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Chapter V
While this ecclesiastical idyl was painting and singing itself in its own way, blind and
deaf to the realities of life, this life moved on in its accustomed course undisturbed by
idyls. The morning's task was always finished at one o'clock. At that hour, if the weather
was fine, Mr. Dudley commonly stopped at the church door to take them away, and the
rest of the day was given up to society. Esther and Catherine drove, made calls, dined
out, went to balls, to the theater and opera, without interrupting their professional work.
Under Mrs. Murray's potent influence, Catherine glided easily into the current of society
and became popular without an effort. She soon had admirers. One young man, of an
excellent and very old Dutch family, Mr. Rip Van Dam, took a marked fancy for her. Mr.
Van Dam knew nothing of her, except that she was very pretty and came from Colorado
where she had been brought up to like horses, and could ride almost any thing that
would not buck its saddle off. This was quite enough for Mr. Van Dam whose taste for
horses was more decided than for literature or art. He took Catherine to drive when the
sleighing was good, and was flattered by her enthusiastic admiration of his beautiful pair
of fast trotters. His confidence in her became boundless when he found that she could
drive them quite as well as he. His success in winning her affections would have been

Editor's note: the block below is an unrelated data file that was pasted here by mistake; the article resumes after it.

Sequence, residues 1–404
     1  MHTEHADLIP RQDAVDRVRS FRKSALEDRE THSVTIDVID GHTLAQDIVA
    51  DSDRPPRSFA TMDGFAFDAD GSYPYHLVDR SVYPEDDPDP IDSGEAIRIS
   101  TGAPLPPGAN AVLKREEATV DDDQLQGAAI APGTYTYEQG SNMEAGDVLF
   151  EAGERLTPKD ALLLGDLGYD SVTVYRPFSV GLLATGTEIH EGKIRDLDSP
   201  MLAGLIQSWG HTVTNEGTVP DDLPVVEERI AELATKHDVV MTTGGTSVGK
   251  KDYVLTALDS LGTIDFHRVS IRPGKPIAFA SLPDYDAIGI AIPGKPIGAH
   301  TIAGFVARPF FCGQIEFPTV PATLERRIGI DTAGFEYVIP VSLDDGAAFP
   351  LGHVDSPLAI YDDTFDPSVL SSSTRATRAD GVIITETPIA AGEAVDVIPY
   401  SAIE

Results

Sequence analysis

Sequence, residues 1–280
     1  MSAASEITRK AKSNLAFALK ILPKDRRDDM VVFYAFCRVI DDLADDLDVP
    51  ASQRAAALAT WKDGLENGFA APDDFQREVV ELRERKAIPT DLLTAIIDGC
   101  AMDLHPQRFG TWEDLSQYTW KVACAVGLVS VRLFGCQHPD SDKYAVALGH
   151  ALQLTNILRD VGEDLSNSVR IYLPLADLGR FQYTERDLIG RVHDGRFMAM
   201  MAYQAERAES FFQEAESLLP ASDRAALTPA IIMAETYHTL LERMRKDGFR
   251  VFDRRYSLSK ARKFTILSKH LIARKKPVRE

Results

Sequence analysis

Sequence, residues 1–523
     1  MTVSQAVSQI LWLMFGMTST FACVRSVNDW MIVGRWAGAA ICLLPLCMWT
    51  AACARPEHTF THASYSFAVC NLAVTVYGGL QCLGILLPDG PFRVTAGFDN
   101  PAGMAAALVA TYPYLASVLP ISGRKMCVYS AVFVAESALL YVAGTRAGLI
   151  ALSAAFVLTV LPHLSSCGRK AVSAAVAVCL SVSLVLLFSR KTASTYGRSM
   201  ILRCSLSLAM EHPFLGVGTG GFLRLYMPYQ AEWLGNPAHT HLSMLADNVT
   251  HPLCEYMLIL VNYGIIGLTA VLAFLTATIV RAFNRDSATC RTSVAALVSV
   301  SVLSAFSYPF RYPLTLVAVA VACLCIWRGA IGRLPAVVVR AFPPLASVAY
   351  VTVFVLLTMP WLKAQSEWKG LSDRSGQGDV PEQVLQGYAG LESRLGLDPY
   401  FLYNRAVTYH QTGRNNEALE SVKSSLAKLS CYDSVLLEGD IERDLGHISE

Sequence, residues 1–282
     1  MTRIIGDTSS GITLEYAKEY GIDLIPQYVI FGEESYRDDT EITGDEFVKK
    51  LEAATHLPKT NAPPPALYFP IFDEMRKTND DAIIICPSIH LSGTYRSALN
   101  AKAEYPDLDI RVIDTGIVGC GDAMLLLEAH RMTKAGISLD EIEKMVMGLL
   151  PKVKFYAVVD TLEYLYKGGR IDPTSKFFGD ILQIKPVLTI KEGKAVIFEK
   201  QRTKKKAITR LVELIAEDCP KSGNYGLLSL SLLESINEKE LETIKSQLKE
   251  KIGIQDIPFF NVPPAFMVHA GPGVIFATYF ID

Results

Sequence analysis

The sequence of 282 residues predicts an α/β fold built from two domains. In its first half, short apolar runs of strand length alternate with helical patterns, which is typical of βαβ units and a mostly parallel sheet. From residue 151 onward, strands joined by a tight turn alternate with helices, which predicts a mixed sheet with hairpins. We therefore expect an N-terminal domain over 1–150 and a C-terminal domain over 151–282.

greater if Catherine had not found his charms incessantly counteracted by the society of
the older and more intelligent men, whom she never met at balls, but whom she saw
every morning at the church, and whose tastes and talk struck her imagination. She
liked Mr. Van Dam, but she laughed at him, which proved a thoughtless mind, for
neither artists, clergymen nor professors were likely to marry her, as this young man
might perhaps have done, under sufficient encouragement. When, towards the first of
January, Catherine left Mrs. Murray, in order to stay with Esther, for greater
convenience in the church work, Mr. Van Dam's attentions rather fell off. He was afraid
of Esther, whom he insisted on regarding as clever, although Esther took much care
never to laugh at him, for fear of doing mischief.
Catherine learned to play whist in order to amuse Mr. Dudley. They had small dinners,
at which Hazard was sometimes present, and more often Strong, until he was obliged to
go West to deliver a course of lectures at St. Louis. In spite of Mr. Dudley's supposed
dislike for clergymen, he took kindly to Hazard and made no objection to his becoming a
tame cat about the house. To make up a table at whist, Hazard did not refuse to take a
hand; and said it was a part of his parochial duty. Mr. Dudley laughed and told him that
if he performed the rest of his parochial duties equally ill, the parish should give him a
year's leave of absence for purposes of study. Mr. Dudley disliked nothing so much as
to be treated like an invalid, or to be serious, and Hazard gratified him by laughing at the
doctors. They got on wonderfully well together, to the increasing amazement of Esther.
Card-playing and novel-reading were not the only cases in which Mr. Hazard took a
liberal view of his functions. His theology belonged to the high-church school, and in the
pulpit he made no compromise with the spirit of concession, but in all ordinary matters
of indifference or of innocent pleasure he gave the rein to his instincts, and in regard to
art he was so full of its relations with religion that he would admit of no divergence